Perhaps your life, like that of many of my friends and relatives, has been improved by propranolol – a beta-blocker that reduces the effects of stress hormones, and that’s used to treat conditions such as high blood pressure, chest pain, an uneven heartbeat and migraines. It’s considered one of the most important pharmaceutical breakthroughs of the 20th century.
Thank goodness, then, that the United States in the 1940s didn’t have the same attitude to science funding that it does today. If it had, you could expect to see seven experts sitting around a table, trying to assign a score to an unorthodox grant proposal to study the function of adrenaline in the body. ‘If I have properly understood the author’s intent, then this mechanism has already been settled, surely,’ a senior physician might say. A lone physiologist mounts a defence, but the pharmacologists in the room are dismissive, with one who remarks that the mathematics ‘look cumbrous and inconvenient’. So the pathbreaking research of the late Raymond Ahlquist, a professor at the Medical College of Georgia who laid the foundations for the discovery of propranolol, could easily end up with low marks, and his theories would never see the light of day.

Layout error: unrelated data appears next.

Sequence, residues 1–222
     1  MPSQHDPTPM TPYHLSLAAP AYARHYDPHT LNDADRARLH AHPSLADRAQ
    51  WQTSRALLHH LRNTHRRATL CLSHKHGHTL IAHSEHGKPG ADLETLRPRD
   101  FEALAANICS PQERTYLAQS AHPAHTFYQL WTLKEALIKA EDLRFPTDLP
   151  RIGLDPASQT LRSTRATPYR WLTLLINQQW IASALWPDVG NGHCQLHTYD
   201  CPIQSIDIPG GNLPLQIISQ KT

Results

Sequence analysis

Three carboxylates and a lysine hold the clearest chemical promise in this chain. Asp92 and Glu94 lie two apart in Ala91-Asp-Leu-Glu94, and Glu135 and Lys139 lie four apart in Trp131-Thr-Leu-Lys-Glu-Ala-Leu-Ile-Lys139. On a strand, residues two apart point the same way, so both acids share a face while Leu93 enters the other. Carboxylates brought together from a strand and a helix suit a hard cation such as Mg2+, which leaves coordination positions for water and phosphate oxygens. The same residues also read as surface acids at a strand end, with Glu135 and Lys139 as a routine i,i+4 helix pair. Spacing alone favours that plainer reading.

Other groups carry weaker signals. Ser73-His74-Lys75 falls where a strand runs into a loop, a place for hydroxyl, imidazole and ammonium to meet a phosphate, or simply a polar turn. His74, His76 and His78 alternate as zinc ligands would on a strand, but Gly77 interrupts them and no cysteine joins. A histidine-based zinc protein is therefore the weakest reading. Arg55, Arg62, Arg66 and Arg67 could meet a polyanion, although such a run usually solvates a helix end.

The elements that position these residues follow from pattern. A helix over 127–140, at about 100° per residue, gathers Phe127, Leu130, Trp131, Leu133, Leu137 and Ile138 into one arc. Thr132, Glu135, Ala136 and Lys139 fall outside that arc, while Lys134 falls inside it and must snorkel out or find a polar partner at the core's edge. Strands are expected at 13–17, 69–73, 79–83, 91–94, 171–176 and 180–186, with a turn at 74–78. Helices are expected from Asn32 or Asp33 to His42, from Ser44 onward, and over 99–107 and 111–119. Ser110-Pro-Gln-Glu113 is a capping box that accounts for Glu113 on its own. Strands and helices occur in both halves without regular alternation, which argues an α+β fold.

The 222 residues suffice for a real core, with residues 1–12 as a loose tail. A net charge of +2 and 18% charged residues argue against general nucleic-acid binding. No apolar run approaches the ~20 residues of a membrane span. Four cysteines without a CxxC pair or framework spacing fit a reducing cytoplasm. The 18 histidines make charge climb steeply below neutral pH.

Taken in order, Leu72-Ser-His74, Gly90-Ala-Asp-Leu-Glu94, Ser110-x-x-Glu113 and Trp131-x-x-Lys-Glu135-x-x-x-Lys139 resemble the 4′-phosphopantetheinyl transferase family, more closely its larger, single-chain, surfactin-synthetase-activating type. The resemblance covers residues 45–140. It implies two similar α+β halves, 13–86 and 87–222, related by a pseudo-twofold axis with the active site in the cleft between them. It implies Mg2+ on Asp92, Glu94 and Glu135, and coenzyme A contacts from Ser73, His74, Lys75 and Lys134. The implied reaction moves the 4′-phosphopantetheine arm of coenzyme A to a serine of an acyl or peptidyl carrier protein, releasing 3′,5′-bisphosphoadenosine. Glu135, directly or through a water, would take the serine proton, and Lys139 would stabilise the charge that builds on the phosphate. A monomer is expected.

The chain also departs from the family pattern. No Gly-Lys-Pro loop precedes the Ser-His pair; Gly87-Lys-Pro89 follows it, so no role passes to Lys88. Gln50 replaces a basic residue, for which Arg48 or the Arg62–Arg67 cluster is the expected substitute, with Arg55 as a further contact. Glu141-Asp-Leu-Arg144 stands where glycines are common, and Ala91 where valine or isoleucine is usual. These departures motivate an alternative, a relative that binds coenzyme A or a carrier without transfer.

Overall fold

Science is expensive, and since we can’t fund every scientist, we need some way of deciding whose research deserves a chance. So, how do we pick? At the moment, expert reviewers spend a lot of time allocating grant money by trying to identify the best work. But the truth is that they’re not very good at it, and that the process is a huge waste of time. It would be better to do away with the search for excellence, and to fund science by lottery.